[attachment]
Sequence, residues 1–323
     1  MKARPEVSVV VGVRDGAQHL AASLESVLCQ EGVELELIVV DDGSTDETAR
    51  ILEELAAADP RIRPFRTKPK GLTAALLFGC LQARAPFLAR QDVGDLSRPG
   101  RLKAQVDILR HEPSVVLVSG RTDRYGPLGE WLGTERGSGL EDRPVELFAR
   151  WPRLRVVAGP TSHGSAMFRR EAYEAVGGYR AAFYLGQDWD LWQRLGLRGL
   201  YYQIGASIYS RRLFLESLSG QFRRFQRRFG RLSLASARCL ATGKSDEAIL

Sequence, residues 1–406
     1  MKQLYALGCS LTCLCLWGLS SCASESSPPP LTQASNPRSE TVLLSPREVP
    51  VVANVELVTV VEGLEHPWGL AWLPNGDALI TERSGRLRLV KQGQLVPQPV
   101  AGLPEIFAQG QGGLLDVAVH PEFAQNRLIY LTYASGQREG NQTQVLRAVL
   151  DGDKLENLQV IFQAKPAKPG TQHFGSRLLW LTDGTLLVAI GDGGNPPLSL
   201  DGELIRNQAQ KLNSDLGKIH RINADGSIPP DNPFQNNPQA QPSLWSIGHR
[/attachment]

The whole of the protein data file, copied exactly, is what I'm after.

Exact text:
Sequence, residues 1–323
     1  MKARPEVSVV VGVRDGAQHL AASLESVLCQ EGVELELIVV DDGSTDETAR
    51  ILEELAAADP RIRPFRTKPK GLTAALLFGC LQARAPFLAR QDVGDLSRPG
   101  RLKAQVDILR HEPSVVLVSG RTDRYGPLGE WLGTERGSGL EDRPVELFAR
   151  WPRLRVVAGP TSHGSAMFRR EAYEAVGGYR AAFYLGQDWD LWQRLGLRGL
   201  YYQIGASIYS RRLFLESLSG QFRRFQRRFG RLSLASARCL ATGKSDEAIL

Sequence, residues 1–406
     1  MKQLYALGCS LTCLCLWGLS SCASESSPPP LTQASNPRSE TVLLSPREVP
    51  VVANVELVTV VEGLEHPWGL AWLPNGDALI TERSGRLRLV KQGQLVPQPV
   101  AGLPEIFAQG QGGLLDVAVH PEFAQNRLIY LTYASGQREG NQTQVLRAVL
   151  DGDKLENLQV IFQAKPAKPG TQHFGSRLLW LTDGTLLVAI GDGGNPPLSL
   201  DGELIRNQAQ KLNSDLGKIH RINADGSIPP DNPFQNNPQA QPSLWSIGHR